ATP

Djokovic beats Fritz after Rome rain, Auger-Aliassime masters Schwartzman

By Sports Desk May 11, 2021

Novak Djokovic returned following a rain delay to beat Taylor Fritz in the second round of the Internazionali BNL d'Italia after Felix Auger-Aliassime dumped Diego Schwartzman out.

Djokovic, playing his first match since a shock loss to Aslan Karatsev in the semi-finals of the Serbia Open on home soil, dispatched American Fritz 6-3 7-6 (7-5) on Tuesday.

The world number one, who missed the Madrid Open, won the first three games of the match and saved both break points he faced in the opening set.

Fritz had broken for a second time in the second set to level at 5-5 when the rain came at the Foro Italico, but the top seed was able to come back out on court to finish off the job and will face Cameron Norrie or Alejandro Davidovich Fokina in the third round.

Auger-Aliassime secured the third victory over a top-10 opponent in his fledgling career, beating eighth seed Schwartzman 6-1 6-3 to move into round three.

The 20-year-old Canadian only needed 64 minutes to send the Argentine packing, converting five of the six break-point opportunities he earned.

Matteo Berrettini saw off Nikoloz Basilashvili 4-6 6-2 6-4 in the first round less than 48 hours after the Italian was beaten by Alexander Zverev in the Madrid Open final.

Gael Monfils was unable to win his first match since the Australian Open, as Lorenzo Sonego got the better of the fit-again Frenchman, who had been sidelined with a calf injury, 6-4 5-7 6-4.

Reilly Opelka moved into the last 16 with a 6-4 6-4 defeat of Lorenzo Musetti, while Pablo Carreno Busta's withdrawal due to lower back pain handed Kei Nishikori a walkover.

Daniil Medvedev and David Goffin were unable to start their second-round matches due to the weather in Rome.

Related items

  • Tokyo Olympics Recap: Ecuador's Carapaz 'over the moon' while Murray sees potential in the doubles Tokyo Olympics Recap: Ecuador's Carapaz 'over the moon' while Murray sees potential in the doubles

    Richard Carapaz and the rest of Ecuador are "over the moon" after his victory in the men's cycling road race on Saturday.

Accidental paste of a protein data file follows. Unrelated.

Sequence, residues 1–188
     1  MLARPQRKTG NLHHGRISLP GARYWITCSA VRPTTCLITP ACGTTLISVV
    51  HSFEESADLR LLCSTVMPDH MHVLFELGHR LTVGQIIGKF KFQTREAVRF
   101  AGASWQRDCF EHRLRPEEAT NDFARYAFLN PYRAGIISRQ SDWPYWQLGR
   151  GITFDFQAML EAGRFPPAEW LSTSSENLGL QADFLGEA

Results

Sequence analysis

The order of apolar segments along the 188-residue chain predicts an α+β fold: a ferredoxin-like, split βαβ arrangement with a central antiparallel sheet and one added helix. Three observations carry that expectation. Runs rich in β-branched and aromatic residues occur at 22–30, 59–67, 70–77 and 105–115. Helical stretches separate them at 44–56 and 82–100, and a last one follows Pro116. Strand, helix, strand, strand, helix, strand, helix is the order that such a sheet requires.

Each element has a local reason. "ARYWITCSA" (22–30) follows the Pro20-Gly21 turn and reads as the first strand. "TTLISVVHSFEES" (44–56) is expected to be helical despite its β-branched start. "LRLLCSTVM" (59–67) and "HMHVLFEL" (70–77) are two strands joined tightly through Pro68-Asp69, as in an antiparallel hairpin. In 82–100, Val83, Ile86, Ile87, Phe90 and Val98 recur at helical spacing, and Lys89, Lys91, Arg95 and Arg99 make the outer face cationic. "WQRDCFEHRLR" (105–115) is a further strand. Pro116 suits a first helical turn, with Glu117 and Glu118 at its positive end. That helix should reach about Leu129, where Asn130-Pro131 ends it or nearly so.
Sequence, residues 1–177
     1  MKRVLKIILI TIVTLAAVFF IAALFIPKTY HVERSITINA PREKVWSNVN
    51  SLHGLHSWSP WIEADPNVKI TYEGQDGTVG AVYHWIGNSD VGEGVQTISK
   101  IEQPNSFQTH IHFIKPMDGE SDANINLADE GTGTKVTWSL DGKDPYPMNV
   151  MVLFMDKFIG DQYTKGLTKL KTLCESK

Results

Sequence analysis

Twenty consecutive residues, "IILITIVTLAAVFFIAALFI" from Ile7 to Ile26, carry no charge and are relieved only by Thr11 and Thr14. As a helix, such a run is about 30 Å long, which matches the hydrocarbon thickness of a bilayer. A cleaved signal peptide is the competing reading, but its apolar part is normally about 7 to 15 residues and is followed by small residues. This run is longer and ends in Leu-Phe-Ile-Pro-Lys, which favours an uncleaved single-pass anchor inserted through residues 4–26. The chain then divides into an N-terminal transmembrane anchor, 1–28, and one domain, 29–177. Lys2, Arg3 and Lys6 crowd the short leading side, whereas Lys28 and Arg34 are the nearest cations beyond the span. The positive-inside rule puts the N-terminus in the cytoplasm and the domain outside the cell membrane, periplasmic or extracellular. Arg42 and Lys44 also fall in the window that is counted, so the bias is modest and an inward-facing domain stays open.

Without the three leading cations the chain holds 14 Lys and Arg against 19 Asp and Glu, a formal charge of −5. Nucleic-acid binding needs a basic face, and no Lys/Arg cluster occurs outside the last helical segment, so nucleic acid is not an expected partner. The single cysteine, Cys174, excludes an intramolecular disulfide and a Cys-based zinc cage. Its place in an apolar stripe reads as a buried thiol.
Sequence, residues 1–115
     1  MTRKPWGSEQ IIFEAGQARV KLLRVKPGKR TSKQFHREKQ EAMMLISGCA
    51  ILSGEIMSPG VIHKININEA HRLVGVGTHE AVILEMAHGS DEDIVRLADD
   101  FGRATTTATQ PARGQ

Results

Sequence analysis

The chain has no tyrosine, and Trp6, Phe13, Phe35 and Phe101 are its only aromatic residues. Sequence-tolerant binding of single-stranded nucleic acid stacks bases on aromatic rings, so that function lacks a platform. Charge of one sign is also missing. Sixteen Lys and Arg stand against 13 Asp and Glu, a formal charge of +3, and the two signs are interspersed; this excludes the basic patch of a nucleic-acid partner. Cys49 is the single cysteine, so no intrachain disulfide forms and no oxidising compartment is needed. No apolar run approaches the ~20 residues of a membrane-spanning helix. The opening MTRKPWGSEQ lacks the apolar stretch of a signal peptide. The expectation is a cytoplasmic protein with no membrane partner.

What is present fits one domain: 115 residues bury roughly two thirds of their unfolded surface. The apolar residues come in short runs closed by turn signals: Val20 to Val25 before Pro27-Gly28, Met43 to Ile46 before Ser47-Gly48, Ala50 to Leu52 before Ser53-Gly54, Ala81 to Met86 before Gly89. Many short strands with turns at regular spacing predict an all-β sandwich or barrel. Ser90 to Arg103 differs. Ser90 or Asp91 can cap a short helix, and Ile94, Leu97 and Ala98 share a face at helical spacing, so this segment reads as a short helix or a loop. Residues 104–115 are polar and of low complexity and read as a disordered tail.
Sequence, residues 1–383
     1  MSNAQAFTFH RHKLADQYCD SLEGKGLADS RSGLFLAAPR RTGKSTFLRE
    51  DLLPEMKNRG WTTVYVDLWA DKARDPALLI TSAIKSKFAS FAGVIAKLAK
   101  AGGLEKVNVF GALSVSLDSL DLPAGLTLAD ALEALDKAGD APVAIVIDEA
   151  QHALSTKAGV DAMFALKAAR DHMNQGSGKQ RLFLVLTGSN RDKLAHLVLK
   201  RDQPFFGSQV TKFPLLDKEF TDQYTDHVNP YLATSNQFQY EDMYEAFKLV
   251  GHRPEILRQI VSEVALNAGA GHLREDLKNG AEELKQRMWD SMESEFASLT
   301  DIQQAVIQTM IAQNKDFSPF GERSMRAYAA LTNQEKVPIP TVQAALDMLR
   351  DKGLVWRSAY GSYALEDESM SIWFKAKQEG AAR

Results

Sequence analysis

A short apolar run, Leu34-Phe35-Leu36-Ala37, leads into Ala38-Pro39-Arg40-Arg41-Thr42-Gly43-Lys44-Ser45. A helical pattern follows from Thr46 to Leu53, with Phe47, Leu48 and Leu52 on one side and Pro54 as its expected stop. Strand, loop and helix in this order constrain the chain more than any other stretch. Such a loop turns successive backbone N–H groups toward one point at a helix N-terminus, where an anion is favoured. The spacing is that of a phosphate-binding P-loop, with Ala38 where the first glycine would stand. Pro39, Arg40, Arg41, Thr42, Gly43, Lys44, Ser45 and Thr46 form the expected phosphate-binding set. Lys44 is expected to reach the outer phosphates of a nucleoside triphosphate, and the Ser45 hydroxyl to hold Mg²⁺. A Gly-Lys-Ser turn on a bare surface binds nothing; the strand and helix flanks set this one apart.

Carapaz – who finished third in the general classification of the Tour de France earlier this month – crossed the finish line on the Fuji speedway well over a minute ahead of his nearest rivals to clinch Ecuador's second Olympic gold medal.

    Meanwhile in the tennis, Andy Murray, who clinched gold in the singles at the 2012 and 2016 Games, started strongly with his doubles partner Joe Salisbury, as Team GB overcame French favourites Nicolas Mahut and Pierre-Hugues Herbert.

    There was a shock for 2008 gold medallist Phil Dalhausser, as he and fellow American Nick Lucena fell foul of Dutch duo Robert Meeuwsen and Alexander Brouwer, while Naohisa Takato won Japan's first gold of the Games.

     

    CARAPAZ CLAIMS RARE ECUADOR TRIUMPH

    Carapaz came close in Le Tour, but ultimately could not match the power of Tadej Pogacar, who defended his title in cycling's prime road race.

    Yet on the slopes of Mount Fuji, the South American came up with the goods to deliver a long-awaited success for Ecuador.

    "My country is over the moon right now. It's the second Olympic medal in the history of my country," he told a news conference after his success, with Tour champion Pogacar claiming bronze behind Belgium's Wout Van Aert.

    "The last medal that we won was 25 years ago, so it's a very special moment. It's the first medal in cycling, and cycling is a big sport in my country."

    Carapaz's triumph came as good news for Geraint Thomas, who crashed out of the race after colliding with his British team-mate Tao Geoghegan Hart.

    "Couldn't be happier for Richard Carapaz," tweeted Thomas – the Ecuadorian's fellow INEOS Grenadiers rider. "To finish on the podium at the Tour and win gold a week later is just incredible. Enjoy it mate. King of Ecuador."

    MURRAY STARTS STRONG

    It has been a long comeback trail for Murray, who was at the top of his game when he won his second Olympic gold medal back in 2016.

    He faces a stern test in the singles on Sunday, when he goes up against Canada's Felix Auger Aliassime, and while a defence of that win may be unlikely, he and Salisbury made good progress in the doubles.

    Murray was a silver medallist in the mixed doubles at the London Games, and along with Salisbury had too much for second seeds Mahut and Herbert, with the pair needing just 75 minutes to win 6-3 6-2.

    "I think we have the potential to be a really good team," said Murray. "We were well deserved winners today – we created lots of chances, but not every doubles match is like that.

    "If we keep the same sort of attitude and everything, prepare diligently, I think we've got a chance of doing well."

    Murray's younger brother Jamie also enjoyed a fine start, as he and Neal Skupski came from behind to beat Argentina's Andres Molteni and Horacio Zeballos in a final-set tie-break.

    TAKATO GETS JAPAN UP AND RUNNING

    Naohisa Takato won Japan's first gold medal of the Tokyo Games, as he triumphed in the men's under-60kg judo final against Yang Yung-wei of Taiwan.

    Takato, a three-time world champion and a bronze medallist in Rio, claimed a fitting victory for Japan in a sport that originated in the country, with the event taking place at the famous Nippon Budokan venue.

    He had to beat Yeldos Smetov of Kazakhstan in a gruelling semi-final. Smetov shared the bronze medal with France’s Luka Mkheidze.

    A shock earlier in the day saw Robert Mshvidobadze drop out in the last 16.